Wes Moore grew up in Baltimore in the 1970s and 80s without a father in his life and went on to become a graduate of Johns Hopkins, was a Rhodes scholar, served in Afghanistan, and worked in the White House. Wes Moore grew up in Baltimore in the 1970s and 80s without a father in his life and dropped out of high school, worked in the drug trade, and ended up with a life sentence after being involved with an armed robbery that ended up claiming the life of an off-duty police officer. At the same time that the Baltimore Sun published a story about Wes Moore's Rhodes' scholarship, they were also running multiple stories about Wes Moore's involvement in the armed robbery. Struck by the coincidence, Wes Moore was determined to find about more about this other man who shared his name and his background - and to figure out how their lives had ended up so differently.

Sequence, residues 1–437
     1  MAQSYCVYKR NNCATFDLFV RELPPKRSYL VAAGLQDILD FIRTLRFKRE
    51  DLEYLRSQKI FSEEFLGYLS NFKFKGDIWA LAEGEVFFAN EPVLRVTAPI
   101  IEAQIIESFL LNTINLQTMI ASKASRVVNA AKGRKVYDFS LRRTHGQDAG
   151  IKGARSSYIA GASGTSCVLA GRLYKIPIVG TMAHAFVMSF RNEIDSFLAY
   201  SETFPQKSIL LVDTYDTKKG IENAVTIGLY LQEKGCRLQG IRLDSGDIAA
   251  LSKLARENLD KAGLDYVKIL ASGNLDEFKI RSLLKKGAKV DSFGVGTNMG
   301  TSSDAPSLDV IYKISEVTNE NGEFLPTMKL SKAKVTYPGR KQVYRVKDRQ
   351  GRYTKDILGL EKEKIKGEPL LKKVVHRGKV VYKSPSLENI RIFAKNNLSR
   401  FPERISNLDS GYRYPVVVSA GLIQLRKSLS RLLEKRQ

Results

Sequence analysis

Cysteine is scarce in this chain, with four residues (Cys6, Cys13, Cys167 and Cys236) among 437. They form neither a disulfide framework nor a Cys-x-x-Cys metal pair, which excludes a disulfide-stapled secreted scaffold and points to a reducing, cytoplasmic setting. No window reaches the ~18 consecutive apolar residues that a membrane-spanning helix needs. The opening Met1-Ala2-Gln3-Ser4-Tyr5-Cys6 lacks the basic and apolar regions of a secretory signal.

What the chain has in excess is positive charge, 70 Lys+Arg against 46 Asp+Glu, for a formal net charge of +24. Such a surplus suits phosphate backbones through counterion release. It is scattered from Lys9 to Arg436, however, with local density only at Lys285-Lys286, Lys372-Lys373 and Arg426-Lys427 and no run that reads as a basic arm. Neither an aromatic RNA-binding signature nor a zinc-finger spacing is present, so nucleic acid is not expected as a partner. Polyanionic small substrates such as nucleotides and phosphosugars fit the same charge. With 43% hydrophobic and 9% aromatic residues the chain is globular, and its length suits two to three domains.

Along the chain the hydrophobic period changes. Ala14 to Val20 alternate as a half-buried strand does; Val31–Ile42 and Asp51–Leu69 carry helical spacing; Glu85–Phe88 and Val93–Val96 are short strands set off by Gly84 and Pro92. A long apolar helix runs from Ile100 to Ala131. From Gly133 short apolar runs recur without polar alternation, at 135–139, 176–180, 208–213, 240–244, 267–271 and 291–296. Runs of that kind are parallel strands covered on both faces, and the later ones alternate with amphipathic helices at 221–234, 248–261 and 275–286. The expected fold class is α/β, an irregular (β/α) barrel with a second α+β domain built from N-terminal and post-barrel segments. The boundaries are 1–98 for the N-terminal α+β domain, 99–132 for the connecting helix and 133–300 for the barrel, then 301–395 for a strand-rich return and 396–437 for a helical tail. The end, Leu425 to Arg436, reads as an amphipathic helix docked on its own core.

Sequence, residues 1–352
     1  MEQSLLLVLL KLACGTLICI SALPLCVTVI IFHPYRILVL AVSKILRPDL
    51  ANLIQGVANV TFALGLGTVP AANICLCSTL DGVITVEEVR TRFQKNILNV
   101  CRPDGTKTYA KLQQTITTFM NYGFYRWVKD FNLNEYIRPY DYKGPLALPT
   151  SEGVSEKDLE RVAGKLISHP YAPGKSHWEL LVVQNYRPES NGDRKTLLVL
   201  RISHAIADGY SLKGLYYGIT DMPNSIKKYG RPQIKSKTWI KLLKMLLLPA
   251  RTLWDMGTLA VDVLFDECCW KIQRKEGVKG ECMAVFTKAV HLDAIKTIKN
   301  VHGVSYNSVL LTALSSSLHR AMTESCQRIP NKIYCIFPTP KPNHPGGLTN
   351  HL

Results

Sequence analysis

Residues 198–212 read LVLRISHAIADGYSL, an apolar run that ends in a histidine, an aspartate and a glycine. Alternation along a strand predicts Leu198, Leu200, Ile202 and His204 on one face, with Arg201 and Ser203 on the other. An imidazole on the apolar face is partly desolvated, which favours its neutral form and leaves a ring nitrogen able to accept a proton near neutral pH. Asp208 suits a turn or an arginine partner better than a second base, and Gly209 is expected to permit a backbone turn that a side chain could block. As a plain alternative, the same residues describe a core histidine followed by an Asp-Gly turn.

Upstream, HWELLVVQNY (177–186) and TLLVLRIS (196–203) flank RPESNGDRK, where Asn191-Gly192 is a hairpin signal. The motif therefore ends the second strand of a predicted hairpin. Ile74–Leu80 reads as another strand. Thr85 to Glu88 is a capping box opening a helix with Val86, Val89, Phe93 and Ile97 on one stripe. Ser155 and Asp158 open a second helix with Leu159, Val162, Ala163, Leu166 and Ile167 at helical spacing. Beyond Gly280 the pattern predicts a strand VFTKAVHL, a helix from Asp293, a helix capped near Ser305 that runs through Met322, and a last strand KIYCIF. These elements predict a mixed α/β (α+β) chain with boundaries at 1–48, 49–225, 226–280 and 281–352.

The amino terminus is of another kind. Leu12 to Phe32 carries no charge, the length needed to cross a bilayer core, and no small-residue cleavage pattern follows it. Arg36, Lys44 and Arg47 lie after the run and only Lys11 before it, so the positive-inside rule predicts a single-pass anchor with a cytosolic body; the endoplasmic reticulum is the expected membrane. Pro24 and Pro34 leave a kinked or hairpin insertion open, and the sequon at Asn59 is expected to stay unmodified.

For a book that focuses on two characters both named "Wes Moore," it was remarkably easy to follow. Moore uses first-person narrative when talking about himself, and third person when talking about Wes. I could easily understand his desire to find out more about this person; there's some kind of thing that happens when you find someone who shares your name (and I think that's why so many people google their name or search for their name on Facebook). Who is this person? What have they done with our name? What life did they have? Moore's story is a sad one at times, a story of Baltimore and the Bronx in the 1970s and 1980s, a story where race and politics played large roles in determining possibilities, and where positive role models were difficult to find and even harder to live up to. This book is definitely worth checking out.
Find it at IndieBound.
Read it with:
Can't Stop, Won't Stop by Jeff Chang
Monster by Walter Dean Myers
Letters to a Young Artist by Anna Deavere Smith
The Immortal Life of Henrietta Lacks by Rebecca Skloot
Will Grayson, Will Grayson by John Green and David Levithan